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‘We’ll be a smaller but smarter force’, pledges West Midlands chief constable

‘We’ll be a smaller but smarter force’, pledges West Midlands chief constable

🕔17.Mar 2015

West Midlands Police has published a blueprint setting out how it intends to become a “smaller, faster and smarter” service by 2020 with the loss of a further 2,500 officer and staff jobs.

Described as a new era of policing, the plan commits the force to develop a “more agile, mobile and effective response” to problems in communities and to become more reliant on technology and digital engagement to fight crime.

The force is working with private sector partner Accenture to change the way it operates, but chief constable Chris Sims insisted the changes were not being solely driven by the Government’s austerity programme which will cut the West Midlands police budget by £130 million over the next four years on top of £125 million already made. Mr Sims said:

Although this blueprint has been accelerated by the austerity cuts, it is something that we would have done in any event because it’s the right thing to do. I believe it is the first step in moving to an entirely new era of policing and will be instrumental in shaping how forces across the country start to change their services.

We are currently at a point where budgets for policing and partners are retracting at a level never seen before, technology is advancing and society is changing − so policing is at a critical point.

For me the most important element of the blueprint is that we get the best for the communities we serve. We need to respond to and reflect those changes − becoming a smaller, faster, smarter service that is responsive to the needs of local communities.

Neighbourhood policing is key to our relationships with communities. However, in the face of our financial challenges, we must now re-look at the various services delivered through the national policing model so we secure the elements that matter most to the public.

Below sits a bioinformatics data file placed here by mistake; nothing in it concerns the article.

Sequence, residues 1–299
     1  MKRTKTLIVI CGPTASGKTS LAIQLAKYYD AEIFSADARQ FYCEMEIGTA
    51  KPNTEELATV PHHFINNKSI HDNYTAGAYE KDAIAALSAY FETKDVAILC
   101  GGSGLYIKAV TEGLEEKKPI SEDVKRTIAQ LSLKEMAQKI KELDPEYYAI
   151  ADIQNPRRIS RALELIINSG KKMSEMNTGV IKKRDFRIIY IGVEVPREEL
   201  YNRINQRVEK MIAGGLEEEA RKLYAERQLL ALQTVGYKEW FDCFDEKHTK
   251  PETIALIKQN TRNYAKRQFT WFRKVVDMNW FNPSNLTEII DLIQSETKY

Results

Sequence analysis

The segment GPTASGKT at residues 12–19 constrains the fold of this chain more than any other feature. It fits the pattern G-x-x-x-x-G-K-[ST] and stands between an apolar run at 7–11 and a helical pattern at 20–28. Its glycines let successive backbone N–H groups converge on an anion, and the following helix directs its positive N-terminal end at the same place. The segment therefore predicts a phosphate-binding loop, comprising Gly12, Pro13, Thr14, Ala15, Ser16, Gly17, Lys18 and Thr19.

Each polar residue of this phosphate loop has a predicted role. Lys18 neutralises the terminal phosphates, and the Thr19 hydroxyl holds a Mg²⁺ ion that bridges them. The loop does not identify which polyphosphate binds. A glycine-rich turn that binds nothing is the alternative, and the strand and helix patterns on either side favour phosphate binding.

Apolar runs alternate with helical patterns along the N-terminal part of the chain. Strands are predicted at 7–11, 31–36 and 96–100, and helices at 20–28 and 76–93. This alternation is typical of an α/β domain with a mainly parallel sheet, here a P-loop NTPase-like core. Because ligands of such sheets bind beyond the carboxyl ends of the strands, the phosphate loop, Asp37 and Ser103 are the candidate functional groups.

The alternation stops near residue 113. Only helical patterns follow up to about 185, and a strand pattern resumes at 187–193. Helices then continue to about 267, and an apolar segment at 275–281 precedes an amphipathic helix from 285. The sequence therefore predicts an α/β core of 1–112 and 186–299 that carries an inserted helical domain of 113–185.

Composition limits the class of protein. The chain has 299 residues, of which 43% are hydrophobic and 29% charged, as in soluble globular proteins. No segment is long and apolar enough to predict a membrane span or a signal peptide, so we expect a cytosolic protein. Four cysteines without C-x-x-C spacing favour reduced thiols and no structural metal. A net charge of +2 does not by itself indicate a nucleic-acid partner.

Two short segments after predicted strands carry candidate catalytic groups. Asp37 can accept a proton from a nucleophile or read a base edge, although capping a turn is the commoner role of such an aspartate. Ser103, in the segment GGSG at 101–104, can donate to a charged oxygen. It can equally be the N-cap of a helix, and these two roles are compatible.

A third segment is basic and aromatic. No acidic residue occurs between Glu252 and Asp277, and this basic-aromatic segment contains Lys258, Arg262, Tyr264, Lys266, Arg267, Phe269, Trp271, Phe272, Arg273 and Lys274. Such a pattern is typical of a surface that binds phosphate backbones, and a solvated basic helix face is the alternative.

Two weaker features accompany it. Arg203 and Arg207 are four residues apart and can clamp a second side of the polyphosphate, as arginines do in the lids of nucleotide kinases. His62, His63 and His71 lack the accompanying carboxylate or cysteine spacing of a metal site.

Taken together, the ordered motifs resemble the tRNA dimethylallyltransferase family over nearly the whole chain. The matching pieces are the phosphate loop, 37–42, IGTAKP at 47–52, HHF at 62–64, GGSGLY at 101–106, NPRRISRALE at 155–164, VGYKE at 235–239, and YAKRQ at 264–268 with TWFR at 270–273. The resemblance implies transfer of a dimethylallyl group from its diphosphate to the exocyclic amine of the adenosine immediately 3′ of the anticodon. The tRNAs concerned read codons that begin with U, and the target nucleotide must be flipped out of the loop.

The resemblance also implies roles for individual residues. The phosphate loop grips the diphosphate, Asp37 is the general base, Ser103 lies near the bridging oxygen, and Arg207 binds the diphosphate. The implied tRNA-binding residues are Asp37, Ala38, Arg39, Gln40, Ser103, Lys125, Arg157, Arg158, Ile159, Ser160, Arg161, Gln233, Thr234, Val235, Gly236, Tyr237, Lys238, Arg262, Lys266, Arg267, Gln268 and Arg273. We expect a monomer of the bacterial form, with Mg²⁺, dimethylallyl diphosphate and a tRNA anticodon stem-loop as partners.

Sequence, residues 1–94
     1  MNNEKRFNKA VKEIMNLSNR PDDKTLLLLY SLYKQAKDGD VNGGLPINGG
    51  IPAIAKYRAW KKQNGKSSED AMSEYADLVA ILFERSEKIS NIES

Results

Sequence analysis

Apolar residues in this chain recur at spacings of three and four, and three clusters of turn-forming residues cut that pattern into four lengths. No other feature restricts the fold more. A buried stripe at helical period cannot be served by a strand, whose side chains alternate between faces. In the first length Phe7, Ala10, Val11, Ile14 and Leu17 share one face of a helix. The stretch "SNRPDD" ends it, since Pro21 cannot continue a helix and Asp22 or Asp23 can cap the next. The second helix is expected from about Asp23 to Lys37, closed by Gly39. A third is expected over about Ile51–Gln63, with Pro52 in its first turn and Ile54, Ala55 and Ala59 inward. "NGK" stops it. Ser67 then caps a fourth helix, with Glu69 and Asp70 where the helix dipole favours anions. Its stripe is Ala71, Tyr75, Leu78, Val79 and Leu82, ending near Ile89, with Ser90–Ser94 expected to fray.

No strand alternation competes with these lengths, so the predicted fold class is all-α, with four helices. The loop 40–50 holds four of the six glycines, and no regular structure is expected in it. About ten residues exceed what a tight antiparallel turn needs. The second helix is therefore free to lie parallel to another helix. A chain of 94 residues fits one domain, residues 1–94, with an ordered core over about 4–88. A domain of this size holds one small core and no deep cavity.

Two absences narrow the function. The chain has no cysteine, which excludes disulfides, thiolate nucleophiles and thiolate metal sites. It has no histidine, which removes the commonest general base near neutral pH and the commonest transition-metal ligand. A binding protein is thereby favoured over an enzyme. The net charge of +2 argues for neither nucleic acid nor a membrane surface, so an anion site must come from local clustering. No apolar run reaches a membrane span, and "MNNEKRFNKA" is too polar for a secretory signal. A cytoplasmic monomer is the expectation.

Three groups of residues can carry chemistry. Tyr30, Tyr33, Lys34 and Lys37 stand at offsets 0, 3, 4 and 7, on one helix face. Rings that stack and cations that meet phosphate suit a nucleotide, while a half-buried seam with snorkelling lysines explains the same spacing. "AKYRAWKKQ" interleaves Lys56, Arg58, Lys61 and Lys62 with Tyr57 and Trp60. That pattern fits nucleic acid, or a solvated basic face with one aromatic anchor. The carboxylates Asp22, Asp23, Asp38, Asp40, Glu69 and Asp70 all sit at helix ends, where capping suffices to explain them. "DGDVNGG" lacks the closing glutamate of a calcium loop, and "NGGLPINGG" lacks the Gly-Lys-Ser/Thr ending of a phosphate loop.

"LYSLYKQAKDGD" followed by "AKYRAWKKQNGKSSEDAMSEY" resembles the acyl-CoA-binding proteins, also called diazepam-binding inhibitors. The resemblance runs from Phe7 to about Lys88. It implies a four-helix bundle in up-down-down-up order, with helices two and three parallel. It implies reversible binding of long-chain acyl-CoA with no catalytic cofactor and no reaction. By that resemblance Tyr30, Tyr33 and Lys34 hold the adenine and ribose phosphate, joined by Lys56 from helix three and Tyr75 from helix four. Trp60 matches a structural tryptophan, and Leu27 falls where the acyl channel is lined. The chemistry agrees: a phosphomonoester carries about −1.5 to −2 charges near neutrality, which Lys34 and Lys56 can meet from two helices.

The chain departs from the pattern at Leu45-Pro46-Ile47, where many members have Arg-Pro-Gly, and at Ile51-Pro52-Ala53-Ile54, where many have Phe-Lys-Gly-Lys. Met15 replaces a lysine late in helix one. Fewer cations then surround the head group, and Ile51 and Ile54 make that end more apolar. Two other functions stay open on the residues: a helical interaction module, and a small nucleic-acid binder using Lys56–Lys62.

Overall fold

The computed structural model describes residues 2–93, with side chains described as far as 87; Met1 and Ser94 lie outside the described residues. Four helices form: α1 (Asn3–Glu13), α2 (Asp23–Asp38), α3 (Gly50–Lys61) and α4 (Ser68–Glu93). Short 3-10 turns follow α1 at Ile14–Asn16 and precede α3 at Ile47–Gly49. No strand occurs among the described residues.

We will also look to develop our online presence. We are not and never want to be a techno organisation − policing is about people – but we have to operate with data in a modern way and be accessible in a way people expect in the 21st century.

The Blueprint centres on four main themes:

  • Designed to listen and reassure −adopting a new approach to working with the public, partners and each other.
  • Geared to prevent harm − preventing crime and offending before people can be harmed.
  • Prepared to respond at pace − adopting a more agile, mobile and effective response to problems in communities.
  • Ready to learn and adapt – becoming a more active and innovative learning organisation.

The blueprint reflects the growing use of technology and digital engagement used by the public, such as empowering victims and witnesses to self-serve by giving them the choice on how they report and track incidents.

It also signals a more proactive approach, with much more focus upon preventing crime.

One critical element is to protect the future of neighbourhood policing by changing how it is run in the face of continued financial pressures − with resources focused on areas of most need and operating a policing model which is not constrained by geographical boundaries.

Police and Crime Commissioner David Jamieson said:

We are doing all we can to ensure we can deliver what the public needs and desires.

Over the next five years we will be working hard to introduce new technology that will enable officers to work more effectively in serving the public.

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